A BUSINESS course will teach bosses how to be sensitive to their Muslim employees, with advice on providing prayer rooms at work, what to do when headscarves clash with uniforms, and whether to serve alcohol at the Christmas party.
The course, run by the anti-terrorism think tank the Australian Homeland Research Centre and taught by the Muslim lawyer Irfan Yusuf, is designed to help employers develop “harmonious workplace arrangements” for Muslim workers.
It will sketch out the differences between various Muslim sects and cultures, and explain confusing points, such as why certain religious holidays might be very important to some Muslims but ignored by others.
“Employers want to be seen to be making reasonable adjustments for their Muslim employees,” Mr Yusuf said. “It’s a risk-management issue.”
It is illegal for employers to discriminate against employees on the grounds of religion, or to fire them because of it, but many are confused about what constitutes discrimination, he said.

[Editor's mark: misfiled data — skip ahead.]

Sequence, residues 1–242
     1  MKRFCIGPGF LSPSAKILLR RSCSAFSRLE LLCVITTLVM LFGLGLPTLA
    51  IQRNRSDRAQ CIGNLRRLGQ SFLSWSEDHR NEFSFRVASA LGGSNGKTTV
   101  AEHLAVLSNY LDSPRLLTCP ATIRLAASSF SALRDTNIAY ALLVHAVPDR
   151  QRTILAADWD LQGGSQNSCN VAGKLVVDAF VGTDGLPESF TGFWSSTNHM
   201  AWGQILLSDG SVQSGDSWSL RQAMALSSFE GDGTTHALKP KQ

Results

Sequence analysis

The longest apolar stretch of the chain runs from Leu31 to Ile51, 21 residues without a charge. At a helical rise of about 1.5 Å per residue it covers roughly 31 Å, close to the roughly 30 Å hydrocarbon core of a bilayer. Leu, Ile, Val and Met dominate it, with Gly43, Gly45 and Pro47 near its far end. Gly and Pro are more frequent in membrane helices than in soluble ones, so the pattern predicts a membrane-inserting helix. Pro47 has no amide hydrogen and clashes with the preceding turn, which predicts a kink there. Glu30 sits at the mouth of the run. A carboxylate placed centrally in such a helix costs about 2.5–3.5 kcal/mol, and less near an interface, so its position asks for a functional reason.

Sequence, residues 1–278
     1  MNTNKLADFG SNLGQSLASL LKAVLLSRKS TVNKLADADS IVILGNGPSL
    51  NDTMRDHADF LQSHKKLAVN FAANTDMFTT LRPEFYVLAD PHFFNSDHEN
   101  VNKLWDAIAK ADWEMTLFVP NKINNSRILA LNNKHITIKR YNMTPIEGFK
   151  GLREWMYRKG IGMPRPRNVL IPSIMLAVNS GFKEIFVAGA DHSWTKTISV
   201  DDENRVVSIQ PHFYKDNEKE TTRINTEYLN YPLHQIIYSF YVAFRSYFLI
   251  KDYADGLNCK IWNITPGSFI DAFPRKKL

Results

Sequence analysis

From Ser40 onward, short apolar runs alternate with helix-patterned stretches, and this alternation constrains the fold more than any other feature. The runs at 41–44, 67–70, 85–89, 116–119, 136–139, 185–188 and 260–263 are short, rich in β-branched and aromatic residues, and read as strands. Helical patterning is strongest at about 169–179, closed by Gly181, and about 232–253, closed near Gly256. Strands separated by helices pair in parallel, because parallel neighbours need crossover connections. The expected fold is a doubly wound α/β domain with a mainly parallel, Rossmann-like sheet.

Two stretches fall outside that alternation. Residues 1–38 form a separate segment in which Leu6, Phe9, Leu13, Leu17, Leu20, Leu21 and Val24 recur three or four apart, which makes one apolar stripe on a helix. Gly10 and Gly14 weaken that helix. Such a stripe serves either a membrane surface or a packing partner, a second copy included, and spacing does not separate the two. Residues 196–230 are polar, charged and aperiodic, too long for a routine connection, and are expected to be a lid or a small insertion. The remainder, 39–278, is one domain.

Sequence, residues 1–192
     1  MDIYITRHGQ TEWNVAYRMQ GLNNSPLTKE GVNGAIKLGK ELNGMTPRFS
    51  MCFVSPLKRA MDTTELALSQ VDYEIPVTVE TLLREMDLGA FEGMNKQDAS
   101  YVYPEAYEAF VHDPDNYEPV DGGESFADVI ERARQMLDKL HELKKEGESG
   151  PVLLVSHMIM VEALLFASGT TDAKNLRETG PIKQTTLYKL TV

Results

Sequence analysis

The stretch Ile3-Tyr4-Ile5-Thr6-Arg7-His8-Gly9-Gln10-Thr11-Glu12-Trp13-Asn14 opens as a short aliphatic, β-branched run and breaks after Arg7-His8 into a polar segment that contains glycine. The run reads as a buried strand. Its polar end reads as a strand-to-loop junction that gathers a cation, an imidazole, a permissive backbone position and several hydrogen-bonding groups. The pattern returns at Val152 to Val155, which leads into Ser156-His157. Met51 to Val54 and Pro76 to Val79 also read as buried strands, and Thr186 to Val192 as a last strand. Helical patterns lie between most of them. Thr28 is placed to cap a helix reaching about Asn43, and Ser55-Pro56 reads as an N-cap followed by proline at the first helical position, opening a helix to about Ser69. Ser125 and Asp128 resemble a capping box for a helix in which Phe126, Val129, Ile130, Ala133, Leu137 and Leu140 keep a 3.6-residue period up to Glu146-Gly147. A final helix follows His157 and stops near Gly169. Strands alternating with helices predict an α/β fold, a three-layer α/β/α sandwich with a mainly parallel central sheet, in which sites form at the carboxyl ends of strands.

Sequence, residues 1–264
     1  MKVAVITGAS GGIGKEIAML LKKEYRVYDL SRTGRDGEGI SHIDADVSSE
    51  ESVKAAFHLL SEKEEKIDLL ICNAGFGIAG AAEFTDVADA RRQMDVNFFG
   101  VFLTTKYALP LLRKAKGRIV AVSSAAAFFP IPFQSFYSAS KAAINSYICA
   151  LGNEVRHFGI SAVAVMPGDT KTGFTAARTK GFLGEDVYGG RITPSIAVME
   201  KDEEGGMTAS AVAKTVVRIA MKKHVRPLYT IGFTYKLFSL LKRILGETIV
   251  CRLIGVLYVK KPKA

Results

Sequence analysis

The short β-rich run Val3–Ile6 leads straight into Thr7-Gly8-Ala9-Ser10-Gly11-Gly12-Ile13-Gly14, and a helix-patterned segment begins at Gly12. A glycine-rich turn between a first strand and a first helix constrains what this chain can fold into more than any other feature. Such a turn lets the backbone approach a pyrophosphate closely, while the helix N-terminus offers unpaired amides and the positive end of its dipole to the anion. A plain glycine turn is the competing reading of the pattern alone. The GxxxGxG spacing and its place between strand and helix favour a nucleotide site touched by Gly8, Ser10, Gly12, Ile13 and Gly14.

“I can help people try to define where that line is.”
One of the main problems facing employers of Muslims is whether to let their workers go to their mosque for prayers, or to set up a prayer room at work. An in-house prayer room can cause problems of its own because very observant Muslims need to wash thoroughly before they pray.
“That can be a real pain in the butt,” Mr Yusuf said. “If you’re not used to seeing someone wash their feet in the sink at work, that can be very disturbing. So employers might want to provide some place for them to do it.”
Another issue is scarves and veils, which may be incompatible with some uniforms. “Sometimes an indirect form of discrimination may be necessary for the operational requirements of the business. But many women with headscarves find it hard to get jobs in particular professions anyway.”
He will also explain that different brands of Islam may observe Ramadan on slightly different dates, and while some sects celebrate the birthday of the prophet Muhammad, others frown upon it. This can be confusing if Muslim workers asking for different days off for the same religious holidays. “People might ask, ‘Is this employee really serious when he says this is a religious requirement or is it just cultural requirement?’ ”
The centre’s director, Athol Yates, said 11 employers had signed up to tomorrow’s course. “In times of heightened tension, you can either understand the cultural differences and deal with them, or watch your workers walk away,” he said.